Secrets for New Managers
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You can prosper in the omnichannel, connected, digital age. Here are three secrets for retail success that managers know about operating profitable businesses today and laying the groundwork for continued success in the future.
They are responding with agility to trends in consumer behaviors, making data-based decisions to reduce costs, and automating processes to operate more efficiently. And the most successful retailers among them will adapt with continued change to continue to meet consumer expectations and build their loyalty.
How is your business faring in light of the ongoing retail evolution? As a strategic thinker and retail evangelist, Pankaj leverages his expertise in product management, software engineering and business operations to drive business growth and frictionless customer experiences. Retail managers with businesses leading the competition in the digital age incorporate loyalty-building principles into every aspect of their businesses.
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Suzanne M. Victor Massuh.
This Google manager shares his secrets for building an effective team
But all managers have similar operational work; we want to show both first- and mid-level managers performing that work. We've chosen to show a functional organization, one where each manager has responsibility for a layer of the product and where it's necessary to organize across groups to deliver product—a common structure for a development organization.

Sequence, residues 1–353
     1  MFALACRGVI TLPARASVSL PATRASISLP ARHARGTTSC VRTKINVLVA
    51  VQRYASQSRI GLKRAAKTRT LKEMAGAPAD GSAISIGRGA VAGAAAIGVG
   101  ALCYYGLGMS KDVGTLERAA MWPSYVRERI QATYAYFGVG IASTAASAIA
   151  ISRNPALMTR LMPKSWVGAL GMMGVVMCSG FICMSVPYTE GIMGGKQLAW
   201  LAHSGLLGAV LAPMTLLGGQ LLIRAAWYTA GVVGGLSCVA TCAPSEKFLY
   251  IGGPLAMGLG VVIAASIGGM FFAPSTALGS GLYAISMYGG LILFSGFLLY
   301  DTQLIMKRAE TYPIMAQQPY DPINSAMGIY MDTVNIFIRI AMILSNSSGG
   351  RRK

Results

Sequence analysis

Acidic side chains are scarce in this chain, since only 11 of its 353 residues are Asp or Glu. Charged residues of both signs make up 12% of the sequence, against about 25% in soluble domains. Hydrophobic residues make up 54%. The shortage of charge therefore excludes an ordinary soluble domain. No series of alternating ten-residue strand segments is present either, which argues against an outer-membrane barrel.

You may work as part of a matrixed group of managers where each function has a manager, and people from each function are assigned on a project basis. Or you may work in an organization that's using self-organizing teams and Agile methods. Every organization has its own spin on how to organize, but much of the management work remains the same.
If you're not sure of that, ask yourself who's responsible for the coaching and career development and for the feedback to the technical staff in your organization. The person who performs that work has a management role. We have a bias toward Agile project teams, because the team manages its own work—assigning responsibility for tasks, monitoring progress, solving problems—and frees the manager to work on removing obstacles that impede the team and solving broader problems.
But we've seen many functional teams and matrixed teams be successful when they have effective managers. And we believe that the practices described and shown in this book can be adapted and applied to most situations.
Behind Closed Doors: Secrets of Great Management
You may notice one topic that often comes up in management books is missing in our book: leadership. To be honest, we don't buy the argument that leadership is different from management. We believe effective management and leadership are inextricable—and that great managers leave room for many people to exhibit leadership, rather than accreting leadership into one role. And on one level, leadership is a moot point: people who are not operationally savvy—who can't get things done—are neither managers nor leaders.
Provision, Secure, Connect, and Run
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